A typical parent with a young daughter may want to encourage that child to be physically active by registering her in the local hockey league. That parent may also choose to register her daughter for singing lessons because the child enjoys it and appears to be talented. Both decisions would support the development of the child and both decisions would see the parent incur costs.

    The member's proposal would differentiate between these two types of costs incurred by the parent for the development of her child. The registration fees for hockey would be subsidized by other taxpayers, but the fees for the singing lessons would not be. Both decisions lead to a positive outcome for the child. Only one would get supported by the tax system.

    Let us review another situation. A Canadian adult could register to join and participate in a local soccer league and could also choose to buy a subscription to the local theatre. The individual incurs costs in both cases. Both achievements have a positive spin-off effect for the individual and for his community; both activities support the community. However, under the member's proposal, only one of them would be supported by the tax system.

    It is for reasons such as these that the Canadian tax system does not generally recognize specific personal expenses such as fees incurred for participation in amateur sport.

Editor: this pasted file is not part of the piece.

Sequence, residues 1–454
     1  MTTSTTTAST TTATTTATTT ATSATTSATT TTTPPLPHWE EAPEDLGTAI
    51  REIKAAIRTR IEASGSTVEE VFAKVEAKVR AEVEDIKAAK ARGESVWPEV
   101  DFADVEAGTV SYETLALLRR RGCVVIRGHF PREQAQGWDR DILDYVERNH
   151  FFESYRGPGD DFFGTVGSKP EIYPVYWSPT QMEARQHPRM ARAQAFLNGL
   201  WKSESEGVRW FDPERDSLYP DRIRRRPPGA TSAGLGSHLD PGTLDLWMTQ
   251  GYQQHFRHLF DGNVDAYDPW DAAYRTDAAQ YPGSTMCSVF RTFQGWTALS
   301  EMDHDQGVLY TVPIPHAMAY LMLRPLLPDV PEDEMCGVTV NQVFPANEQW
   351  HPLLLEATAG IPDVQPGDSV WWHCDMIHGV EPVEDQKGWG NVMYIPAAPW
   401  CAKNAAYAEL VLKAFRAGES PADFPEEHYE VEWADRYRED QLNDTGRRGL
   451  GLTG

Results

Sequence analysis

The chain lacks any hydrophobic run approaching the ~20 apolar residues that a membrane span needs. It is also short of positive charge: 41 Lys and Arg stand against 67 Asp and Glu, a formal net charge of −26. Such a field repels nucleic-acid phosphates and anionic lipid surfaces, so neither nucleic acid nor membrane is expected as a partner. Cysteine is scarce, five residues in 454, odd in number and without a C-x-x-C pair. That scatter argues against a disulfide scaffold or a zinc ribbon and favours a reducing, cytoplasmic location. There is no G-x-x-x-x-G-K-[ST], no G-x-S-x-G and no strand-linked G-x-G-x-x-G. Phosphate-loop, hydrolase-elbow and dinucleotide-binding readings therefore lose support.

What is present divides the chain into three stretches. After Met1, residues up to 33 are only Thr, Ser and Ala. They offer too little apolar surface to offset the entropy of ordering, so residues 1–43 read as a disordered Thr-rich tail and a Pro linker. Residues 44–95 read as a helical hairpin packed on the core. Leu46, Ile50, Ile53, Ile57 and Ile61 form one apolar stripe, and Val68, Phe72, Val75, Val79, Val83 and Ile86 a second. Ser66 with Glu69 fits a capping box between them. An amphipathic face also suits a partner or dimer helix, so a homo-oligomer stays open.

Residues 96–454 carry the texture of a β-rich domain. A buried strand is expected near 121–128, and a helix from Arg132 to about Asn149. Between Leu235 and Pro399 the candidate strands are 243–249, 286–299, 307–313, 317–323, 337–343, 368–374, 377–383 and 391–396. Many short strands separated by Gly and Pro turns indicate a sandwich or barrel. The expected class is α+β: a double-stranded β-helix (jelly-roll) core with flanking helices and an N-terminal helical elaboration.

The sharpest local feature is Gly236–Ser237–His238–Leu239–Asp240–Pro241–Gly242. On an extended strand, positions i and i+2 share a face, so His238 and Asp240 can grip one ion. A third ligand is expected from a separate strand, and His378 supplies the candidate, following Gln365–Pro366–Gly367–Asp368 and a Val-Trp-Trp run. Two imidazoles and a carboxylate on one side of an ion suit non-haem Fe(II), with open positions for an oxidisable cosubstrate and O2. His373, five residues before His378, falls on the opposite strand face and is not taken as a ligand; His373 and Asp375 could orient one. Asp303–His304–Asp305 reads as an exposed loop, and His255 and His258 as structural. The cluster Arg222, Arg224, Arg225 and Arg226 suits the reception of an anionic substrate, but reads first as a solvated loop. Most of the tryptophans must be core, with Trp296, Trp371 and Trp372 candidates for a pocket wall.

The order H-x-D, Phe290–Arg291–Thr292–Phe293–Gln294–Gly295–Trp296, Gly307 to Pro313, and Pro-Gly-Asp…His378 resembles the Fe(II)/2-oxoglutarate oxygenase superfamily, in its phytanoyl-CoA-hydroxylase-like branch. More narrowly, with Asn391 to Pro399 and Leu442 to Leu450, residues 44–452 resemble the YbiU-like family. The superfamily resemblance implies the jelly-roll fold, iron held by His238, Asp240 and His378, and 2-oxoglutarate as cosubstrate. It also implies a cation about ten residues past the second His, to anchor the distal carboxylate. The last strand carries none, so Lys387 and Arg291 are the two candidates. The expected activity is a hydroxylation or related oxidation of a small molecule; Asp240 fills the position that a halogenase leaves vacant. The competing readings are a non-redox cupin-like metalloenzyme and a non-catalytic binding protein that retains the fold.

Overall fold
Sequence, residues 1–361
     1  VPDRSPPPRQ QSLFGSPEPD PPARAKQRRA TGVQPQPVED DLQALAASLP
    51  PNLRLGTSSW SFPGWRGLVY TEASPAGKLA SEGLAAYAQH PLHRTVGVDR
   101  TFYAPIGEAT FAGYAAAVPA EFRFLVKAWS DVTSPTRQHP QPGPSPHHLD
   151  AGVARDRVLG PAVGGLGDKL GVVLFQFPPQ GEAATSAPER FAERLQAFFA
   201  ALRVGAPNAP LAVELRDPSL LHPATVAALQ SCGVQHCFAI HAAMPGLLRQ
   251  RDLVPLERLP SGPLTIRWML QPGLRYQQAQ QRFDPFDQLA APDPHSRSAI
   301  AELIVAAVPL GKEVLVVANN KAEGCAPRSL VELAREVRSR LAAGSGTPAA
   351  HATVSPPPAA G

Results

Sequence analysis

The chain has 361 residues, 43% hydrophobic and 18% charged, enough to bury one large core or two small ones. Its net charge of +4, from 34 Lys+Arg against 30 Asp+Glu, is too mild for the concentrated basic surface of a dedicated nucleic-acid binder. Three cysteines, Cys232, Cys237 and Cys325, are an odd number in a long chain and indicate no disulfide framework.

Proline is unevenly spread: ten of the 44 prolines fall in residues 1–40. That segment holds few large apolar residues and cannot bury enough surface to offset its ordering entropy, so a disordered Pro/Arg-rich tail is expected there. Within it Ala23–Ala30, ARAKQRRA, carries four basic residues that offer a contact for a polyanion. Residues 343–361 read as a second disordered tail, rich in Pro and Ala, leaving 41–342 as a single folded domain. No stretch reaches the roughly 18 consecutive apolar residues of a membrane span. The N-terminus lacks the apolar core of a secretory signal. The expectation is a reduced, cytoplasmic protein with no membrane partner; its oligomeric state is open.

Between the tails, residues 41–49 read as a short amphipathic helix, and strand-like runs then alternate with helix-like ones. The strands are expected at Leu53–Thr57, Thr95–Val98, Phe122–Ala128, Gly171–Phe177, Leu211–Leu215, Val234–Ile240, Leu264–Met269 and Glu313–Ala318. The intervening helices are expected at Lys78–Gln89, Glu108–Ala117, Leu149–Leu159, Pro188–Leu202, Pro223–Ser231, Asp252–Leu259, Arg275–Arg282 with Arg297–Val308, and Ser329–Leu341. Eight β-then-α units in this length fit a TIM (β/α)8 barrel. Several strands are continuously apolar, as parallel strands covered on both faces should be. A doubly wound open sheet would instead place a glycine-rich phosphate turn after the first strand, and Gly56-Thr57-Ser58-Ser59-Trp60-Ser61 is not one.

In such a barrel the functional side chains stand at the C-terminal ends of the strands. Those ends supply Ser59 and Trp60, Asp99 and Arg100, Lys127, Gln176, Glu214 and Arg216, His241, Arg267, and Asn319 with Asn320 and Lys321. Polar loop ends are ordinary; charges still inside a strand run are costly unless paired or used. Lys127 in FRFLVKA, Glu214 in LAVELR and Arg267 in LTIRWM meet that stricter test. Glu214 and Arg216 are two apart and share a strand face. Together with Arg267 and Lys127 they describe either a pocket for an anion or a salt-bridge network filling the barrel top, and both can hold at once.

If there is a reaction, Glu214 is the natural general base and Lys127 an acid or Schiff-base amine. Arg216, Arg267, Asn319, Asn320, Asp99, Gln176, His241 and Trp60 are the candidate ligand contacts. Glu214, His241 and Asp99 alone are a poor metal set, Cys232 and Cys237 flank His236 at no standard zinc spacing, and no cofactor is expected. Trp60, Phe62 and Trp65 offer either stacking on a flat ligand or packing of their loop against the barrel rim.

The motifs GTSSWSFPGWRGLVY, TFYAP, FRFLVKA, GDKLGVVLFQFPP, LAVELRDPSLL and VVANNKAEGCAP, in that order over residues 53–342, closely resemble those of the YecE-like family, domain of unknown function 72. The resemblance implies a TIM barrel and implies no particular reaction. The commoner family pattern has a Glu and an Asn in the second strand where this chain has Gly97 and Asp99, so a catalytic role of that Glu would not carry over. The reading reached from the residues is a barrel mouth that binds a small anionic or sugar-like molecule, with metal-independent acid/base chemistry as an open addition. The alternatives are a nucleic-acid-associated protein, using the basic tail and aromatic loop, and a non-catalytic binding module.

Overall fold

In light of what I have discussed, I hope that hon. members present here agree that this private member's bill does not fulfill the criteria of effectiveness and fairness. I would ask that all members think very carefully about voting for the bill.

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[Translation]

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    Ms. Caroline St-Hilaire (Longueuil, BQ): Mr. Speaker, I very pleased to speak to Bill C-210. Furthermore, I would like to acknowledge the initiative taken by my colleague for Sackville—Musquodoboit Valley—Eastern Shore.

    Straight off, I will tell you that the objective pursued by this bill is absolutely commendable. As the Bloc Quebecois critic for amateur sport, I have always been in favour of the idea of taking various measures to promote physical activity and participation in sport. It is also crucial to promote a better quality of life, better health for our fellow citizens. In this regard, we can only encourage a greater awareness of the benefits of sport and sport activity. A healthy mind in a healthy body is the most eloquent expression of this.

    Thus, in the face of it, it is easy to recognize the relevance of this measure, whose purpose is to provide families with more money for participation in sport activities. But what does this really mean?

    Although I support the purpose of this tax credit, I am still convinced that this is not an appropriate measure, and I will explain why.

    What my colleague really wants with this new provision is to reduce the tax burden of families, thus allowing them to afford the sport activities that they want. However, I believe that it is not necessarily the families in question that will take advantage of this reduction. And to demonstrate this, I would like to make some comments on tax credits in general.

    I am not totally against this kind of measure. Under certain circumstances, it can be effective. However, with regard to the current debate, I humbly believe that there are many other ways that are much more worthwhile and especially much less costly to achieve our goals.